There is a growing mountain of scientific evidence that suggests negative ion therapy can provide a cheap and effective cure for the “winter blues.” There is no doubt that an overabundance of positive ions in the air in relation to negative ions produces very unpleasant reactions due to serotonin releases (Krueger, 1972). During the winter months, the lack of sun coupled with a constant bombardment from positive ion sources such as HVAC systems, computer monitors, and electronic devices creates a potpourri of positive air ions that simply put makes us feel languished and depressed. So what’s the solution? Mike Montano, Indoor Air Quality expert at Ionic Zone Inc told us “You can either hit the bottle for comfort or invest in a few of our $20 Ionizers if you want to beat the winter blues.” He added that negative ion generators are very commonplace and accepted in most other countries with small healthcare budgets. But in the United States, “good luck finding a negative ion generator anywhere but the Internet.”
What are the effects of positive ions? According to research, positive ions cause a number of problems such as sleeplessness, irritability, tension, migraines, nausea, breathing difficulties, digestive problems, depression, fatigue, and sometimes can even lead to suicide. Positive ions slow down the delivery of oxygen, producing symptoms like anoxia or oxygen starvation. They alter the functional state of the central nervous system, peripheral organs and affect the secretion of the hormone serotonin.
What are the effects of negative ions? According to research, negative ions enhance our mood, stimulate our senses, improve appetite and sexual drive, provide relief from hay fever, sinusitis, bronchial asthma, allergies, migraines, even post operative pain and burns. (go to www.ioniczone.com/negative_ions.htm to read the research studies) Negative ions also stimulate the reticuloendothelial system which are a group of defense cells in our bodies that watch over our resistance to disease. Bottom line, we have better brain activity that results in greater awareness levels because our cells are better able to absorb oxygen and oxidize serotonin, and filter airborne contaminants.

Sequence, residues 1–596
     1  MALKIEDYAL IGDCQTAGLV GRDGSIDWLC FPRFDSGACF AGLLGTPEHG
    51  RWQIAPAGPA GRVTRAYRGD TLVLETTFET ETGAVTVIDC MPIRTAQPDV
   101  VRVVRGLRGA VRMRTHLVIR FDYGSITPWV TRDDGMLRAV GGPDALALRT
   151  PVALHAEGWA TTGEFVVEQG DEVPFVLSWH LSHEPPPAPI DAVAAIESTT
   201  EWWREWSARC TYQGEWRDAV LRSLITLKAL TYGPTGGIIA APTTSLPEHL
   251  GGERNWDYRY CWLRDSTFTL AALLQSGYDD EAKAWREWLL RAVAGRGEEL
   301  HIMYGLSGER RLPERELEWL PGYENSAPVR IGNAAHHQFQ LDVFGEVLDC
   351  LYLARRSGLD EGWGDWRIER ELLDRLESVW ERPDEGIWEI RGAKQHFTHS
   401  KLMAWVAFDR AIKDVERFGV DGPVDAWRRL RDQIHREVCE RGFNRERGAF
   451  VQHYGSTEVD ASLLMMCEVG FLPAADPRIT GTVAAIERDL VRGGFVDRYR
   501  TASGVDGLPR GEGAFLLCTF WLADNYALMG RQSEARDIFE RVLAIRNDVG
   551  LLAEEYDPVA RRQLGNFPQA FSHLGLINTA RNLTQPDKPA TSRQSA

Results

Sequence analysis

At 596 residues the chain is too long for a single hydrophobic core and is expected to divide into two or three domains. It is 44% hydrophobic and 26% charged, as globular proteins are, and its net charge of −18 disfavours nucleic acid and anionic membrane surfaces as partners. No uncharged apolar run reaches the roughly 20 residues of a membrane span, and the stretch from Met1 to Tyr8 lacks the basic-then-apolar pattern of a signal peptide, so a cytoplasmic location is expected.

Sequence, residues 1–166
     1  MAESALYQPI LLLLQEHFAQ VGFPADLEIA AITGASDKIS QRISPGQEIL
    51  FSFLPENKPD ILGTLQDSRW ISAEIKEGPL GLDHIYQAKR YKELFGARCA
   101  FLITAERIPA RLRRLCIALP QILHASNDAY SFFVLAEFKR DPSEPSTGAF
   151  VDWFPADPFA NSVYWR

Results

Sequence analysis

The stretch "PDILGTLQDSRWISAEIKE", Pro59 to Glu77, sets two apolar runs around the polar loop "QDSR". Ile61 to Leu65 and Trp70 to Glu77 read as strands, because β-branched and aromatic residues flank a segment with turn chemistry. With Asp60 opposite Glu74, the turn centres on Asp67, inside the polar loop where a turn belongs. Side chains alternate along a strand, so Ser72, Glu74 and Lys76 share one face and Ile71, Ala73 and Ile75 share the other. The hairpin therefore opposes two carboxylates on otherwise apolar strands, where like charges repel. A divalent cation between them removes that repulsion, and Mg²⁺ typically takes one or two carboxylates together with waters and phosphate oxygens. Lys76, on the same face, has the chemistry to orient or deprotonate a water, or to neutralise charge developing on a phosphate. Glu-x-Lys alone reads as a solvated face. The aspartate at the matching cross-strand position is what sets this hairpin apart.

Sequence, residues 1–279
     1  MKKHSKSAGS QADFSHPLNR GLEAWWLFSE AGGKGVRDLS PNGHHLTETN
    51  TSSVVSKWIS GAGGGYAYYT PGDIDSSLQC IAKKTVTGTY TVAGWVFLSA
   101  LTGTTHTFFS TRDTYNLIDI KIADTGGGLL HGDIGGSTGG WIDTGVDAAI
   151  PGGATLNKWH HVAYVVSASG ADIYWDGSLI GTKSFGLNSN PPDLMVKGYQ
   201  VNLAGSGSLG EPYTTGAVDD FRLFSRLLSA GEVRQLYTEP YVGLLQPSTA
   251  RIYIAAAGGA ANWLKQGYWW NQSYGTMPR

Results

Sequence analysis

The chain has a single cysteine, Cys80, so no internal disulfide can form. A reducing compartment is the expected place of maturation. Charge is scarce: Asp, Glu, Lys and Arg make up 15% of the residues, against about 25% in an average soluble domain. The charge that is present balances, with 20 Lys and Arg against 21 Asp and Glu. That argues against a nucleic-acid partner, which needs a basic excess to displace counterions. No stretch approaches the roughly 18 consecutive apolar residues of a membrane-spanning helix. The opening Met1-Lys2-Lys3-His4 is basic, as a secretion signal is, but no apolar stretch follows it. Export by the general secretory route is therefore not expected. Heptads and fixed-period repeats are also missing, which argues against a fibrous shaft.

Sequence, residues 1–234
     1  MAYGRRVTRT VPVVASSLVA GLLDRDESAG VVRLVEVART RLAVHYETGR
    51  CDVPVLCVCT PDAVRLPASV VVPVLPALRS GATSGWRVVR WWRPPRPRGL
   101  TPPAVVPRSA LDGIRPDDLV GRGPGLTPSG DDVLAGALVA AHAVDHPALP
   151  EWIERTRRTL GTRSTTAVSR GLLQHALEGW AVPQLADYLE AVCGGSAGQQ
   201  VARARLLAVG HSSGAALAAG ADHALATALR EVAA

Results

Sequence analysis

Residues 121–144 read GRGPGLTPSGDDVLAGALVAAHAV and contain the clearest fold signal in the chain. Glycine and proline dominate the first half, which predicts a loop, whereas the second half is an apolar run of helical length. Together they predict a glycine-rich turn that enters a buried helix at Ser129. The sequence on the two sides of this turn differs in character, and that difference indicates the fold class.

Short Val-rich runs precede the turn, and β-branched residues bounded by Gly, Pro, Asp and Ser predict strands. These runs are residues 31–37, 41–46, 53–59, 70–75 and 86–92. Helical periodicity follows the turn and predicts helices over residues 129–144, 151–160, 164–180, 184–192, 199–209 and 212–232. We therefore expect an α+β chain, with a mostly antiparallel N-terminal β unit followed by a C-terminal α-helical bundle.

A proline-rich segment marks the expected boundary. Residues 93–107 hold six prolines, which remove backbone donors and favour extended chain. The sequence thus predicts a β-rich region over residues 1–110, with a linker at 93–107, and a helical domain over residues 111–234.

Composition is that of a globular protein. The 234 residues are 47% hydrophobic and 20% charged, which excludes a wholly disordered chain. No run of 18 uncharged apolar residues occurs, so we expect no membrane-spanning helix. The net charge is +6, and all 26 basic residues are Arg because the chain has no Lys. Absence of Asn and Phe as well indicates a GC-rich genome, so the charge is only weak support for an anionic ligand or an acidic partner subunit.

Can a $20 Ionizer really make a difference? “Our customers claim they can sleep better, feel more alert and refreshed, get ill less often, and take less allergy medications after using our products,” says Mike Montano from Ionic Zone who sells their ionizers wholesale to the general public. She adds “A large telemarketing firm called me recently to buy 20 more ionizers after noticing that by the end of the day, salespeople on the ionized section of the room were mostly standing, waiving their hands, and energized while the sales people on the non-ionized side of the room were mostly slumped over in from of their computers, rocking back in their chairs, and drained. Needless to say, the owner has become a believer.”
While the scientific and anecdotal evidence suggests negative ion therapy is worthy of our consideration, one can only wonder why such an inexpensive and natural remedy to the winter blues is not more popular in the U.S. Are Americans not aware of the benefits of negatively ionized air? Or have we as a society become so conditioned to popping pills that we have rejected any natural therapies altogether? This is a real life “David vs. Goliath” story; large drug companies vs. small Internet companies selling negative ion generators without the resources to get the word out on negative ions. Good luck!